(Bloomberg) -- California isn’t rolling over as the Trump administration moves to toss Obama-era vehicle emission standards.
California Attorney General Xavier Becerra said he’s filing a lawsuit Tuesday challenging the Environmental Protection Agency’s April 2 determination that the requirements for cars and light trucks are too stringent and must be revised. The EPA is now in the process of rewriting those standards that aimed to slash carbon dioxide emissions from vehicles.
"The state of California is not looking to pick a fight with the Trump administration, but we are ready for one, especially when the stakes are so high for our families, our health and the planet," Becerra said at a news conference announcing the move.
The conflict has been brewing since the Obama administration concluded an EPA review of the standards’ feasibility -- finding they were sustainable and should be maintained -- a week before President Donald Trump took office and more than a year ahead of an April 2018 deadline. Automakers cried foul and asked Trump to revive the review; he acquiesced in March last year.
California is set to argue the EPA arbitrarily reversed course on April 2 when it sided with automakers and said the standards should be scrapped, paving the way for the current rewrite. At the time, EPA Administrator Scott Pruitt dubbed the Obama administration’s decision “politically charged,” saying it ignored the reality of imposing the new rules on carmakers.
The EPA’s conclusion triggered the formal process of dialing back the Obama-era rules, which aimed to slash carbon dioxide emissions from cars and light trucks by boosting fuel economy to a fleet average of more than 50 miles per gallon by 2025.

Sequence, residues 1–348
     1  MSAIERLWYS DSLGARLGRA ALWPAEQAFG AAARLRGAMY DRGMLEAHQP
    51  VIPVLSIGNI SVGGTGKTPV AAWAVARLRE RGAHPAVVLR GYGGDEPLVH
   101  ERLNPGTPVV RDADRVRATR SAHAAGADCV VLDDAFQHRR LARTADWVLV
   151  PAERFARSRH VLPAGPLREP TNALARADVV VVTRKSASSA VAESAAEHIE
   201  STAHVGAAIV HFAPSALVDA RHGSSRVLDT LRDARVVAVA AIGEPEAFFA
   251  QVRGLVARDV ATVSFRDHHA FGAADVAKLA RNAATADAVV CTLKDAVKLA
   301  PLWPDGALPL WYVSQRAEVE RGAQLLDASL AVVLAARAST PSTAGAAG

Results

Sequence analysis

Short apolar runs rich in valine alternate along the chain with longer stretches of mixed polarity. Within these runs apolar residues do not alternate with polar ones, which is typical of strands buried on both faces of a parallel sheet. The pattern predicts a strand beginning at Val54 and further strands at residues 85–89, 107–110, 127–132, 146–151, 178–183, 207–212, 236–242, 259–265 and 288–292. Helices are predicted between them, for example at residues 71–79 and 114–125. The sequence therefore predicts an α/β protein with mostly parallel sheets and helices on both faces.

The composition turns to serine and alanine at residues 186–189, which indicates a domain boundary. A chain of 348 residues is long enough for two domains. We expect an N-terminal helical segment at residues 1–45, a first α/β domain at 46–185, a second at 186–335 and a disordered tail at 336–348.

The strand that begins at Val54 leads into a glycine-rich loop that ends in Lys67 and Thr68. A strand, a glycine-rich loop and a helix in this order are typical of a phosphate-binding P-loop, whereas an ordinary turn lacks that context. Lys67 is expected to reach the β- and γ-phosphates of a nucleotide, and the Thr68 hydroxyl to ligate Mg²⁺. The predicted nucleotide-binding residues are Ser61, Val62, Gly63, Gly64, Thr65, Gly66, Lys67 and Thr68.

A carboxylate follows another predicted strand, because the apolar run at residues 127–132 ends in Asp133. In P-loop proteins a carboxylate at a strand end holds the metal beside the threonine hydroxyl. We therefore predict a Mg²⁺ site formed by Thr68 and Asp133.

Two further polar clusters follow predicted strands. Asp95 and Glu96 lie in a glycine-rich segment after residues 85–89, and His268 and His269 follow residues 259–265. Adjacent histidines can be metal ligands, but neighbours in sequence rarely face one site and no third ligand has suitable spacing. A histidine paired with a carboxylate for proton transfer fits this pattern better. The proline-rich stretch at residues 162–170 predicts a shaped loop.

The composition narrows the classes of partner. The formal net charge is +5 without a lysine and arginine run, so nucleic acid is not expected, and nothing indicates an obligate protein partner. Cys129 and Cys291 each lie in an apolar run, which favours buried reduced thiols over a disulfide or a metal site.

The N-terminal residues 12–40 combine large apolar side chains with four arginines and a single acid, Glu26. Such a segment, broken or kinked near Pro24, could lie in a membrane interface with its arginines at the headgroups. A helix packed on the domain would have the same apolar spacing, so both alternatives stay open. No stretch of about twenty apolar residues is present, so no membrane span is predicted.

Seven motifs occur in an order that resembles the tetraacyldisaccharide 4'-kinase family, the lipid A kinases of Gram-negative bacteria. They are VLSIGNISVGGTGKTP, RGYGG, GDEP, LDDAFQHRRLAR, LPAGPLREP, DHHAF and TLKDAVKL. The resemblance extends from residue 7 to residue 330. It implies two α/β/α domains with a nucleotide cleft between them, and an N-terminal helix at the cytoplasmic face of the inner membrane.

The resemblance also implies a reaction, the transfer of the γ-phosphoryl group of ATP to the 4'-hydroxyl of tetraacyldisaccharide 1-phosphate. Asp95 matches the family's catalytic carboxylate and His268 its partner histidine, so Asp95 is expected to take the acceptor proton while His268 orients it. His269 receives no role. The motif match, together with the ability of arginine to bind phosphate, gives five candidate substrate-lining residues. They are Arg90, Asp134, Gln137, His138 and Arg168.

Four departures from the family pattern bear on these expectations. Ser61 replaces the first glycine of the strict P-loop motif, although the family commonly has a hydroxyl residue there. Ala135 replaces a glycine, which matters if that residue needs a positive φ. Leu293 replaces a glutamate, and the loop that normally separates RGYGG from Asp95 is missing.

The challenge marks California’s 10th lawsuit against the EPA and its 32nd since Trump took office.
Becerra cast the EPA action as one among a litany of Trump administration efforts to unravel environmental safeguards in favor of industry. He was flanked by California Governor Jerry Brown and California Air Resources Board Chair Mary Nichols while announcing the lawsuit Tuesday to condemn the Trump administration for endangering the health of millions of Americans to bolster gasoline sales.
"Pruitt and I suppose his boss Mr. Trump, they want people to buy more gas, to create more pollution," said Brown, who’s in his final year as leader of the world’s sixth-largest economy. “The fires, the rising sea levels, the mudslides” and other “turmoil that’s going to come about -- this is real stuff. If Pruitt and Trump don’t get it, they need to go.”
Sixteen states and the District of Columbia are joining California on the lawsuit. Together, they represent about 43 percent of new car sales nationally.
The lawsuit in the U.S. Court of Appeals in Washington intensifies the tension between the federal government and the most populous U.S. state over issues including immigration, law enforcement, health care and the environment. Significantly, California has set a higher bar for vehicle emissions than the EPA since 1967 under the Clean Air Act. Pruitt’s actions threaten California’s leadership role on climate change.
“Cooperative federalism doesn’t mean that one state can dictate standards for the rest of the country," Pruitt said April 2. “It is in America’s best interest to have a national standard, and we look forward to partnering with all states, including California, as we work to finalize that standard."
EPA representatives said the agency doesn’t comment on pending litigation.
Critics of the EPA action say weakening the emission standards will put U.S. automakers at a disadvantage to overseas competitors.
"You’re going to back off from investing in the most advanced technologies just at the time the European and Chinese companies have their pedal to the floor,” said Dan Sperling, a University of California at Davis transportation professor. "The U.S. is on the verge of ceding its leadership in the global auto industry,” said Sperling, who also is a member of the California Air Resources Board.
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